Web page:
NAB 2013 in Review: Streaming, Second Screen Dominate Affiliate Meetings
VEGAS -- Network affiliates held their annual NAB Show meetings
in Las Vegas, with discussions ranging from new programming to strategies for
dealing with Aereo and expanding second screen initiatives.
ABC affiliates board and its network reps are moving ahead on discussions
related to what the parties are calling “geo-targeted streaming”-the live
streaming of local and network content under the “Watch ABC” rubric. Dave
Boylan, chairman of the affiliates board, said the discussions are very early,
but have thus far been encouraging. “There are a lot of points that have to be
worked out between the network and the affiliates,” he said. “It’s really just
a first conversation.”
The affiliates celebrated
the year anniversary of “Good Morning America” taking over the top
slot in the morning TV battle, and were encouraged by Jimmy Kimmel’s start in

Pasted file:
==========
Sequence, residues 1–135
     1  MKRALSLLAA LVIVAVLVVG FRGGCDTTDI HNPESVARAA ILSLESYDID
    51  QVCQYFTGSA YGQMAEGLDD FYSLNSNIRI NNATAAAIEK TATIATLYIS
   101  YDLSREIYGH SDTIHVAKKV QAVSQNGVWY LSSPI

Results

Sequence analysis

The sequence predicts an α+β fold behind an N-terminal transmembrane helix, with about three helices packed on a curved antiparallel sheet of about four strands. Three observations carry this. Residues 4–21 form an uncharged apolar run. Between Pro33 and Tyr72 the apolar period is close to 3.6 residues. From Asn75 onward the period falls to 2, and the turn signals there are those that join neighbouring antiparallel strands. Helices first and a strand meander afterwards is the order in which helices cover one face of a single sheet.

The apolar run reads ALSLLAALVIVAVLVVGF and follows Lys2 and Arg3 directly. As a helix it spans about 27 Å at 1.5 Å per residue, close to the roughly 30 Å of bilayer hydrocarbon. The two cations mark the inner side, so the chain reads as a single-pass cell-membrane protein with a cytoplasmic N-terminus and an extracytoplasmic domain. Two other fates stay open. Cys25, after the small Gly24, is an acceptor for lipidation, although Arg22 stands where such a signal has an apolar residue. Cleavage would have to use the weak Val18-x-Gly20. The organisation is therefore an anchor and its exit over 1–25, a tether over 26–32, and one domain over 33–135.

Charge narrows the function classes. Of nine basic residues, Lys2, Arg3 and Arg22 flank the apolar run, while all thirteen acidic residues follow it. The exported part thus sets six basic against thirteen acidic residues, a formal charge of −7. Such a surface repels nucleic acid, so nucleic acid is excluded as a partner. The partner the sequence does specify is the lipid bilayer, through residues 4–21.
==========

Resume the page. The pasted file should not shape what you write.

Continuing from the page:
an earlier slot, and how he was poised to succeed against Jimmy Fallon when NBC
swaps out its “Tonight Show” host next year. “ABC now has a strong
new late fringe comedy,” said Boylan, vice president and general manager at
WPLG Miami. “The affiliates said, that’s a smart move.”
CBS affiliates like where
“CBS This Morning” is heading. Chris Cornelius, chairman of the CBS affiliates
board, said enthusiasm among the board in Vegas regarding the long
underperforming morning show was higher than it’s been in years. “We’ve got a
wonderful advantage in that we do [hard] news in the morning,” he said.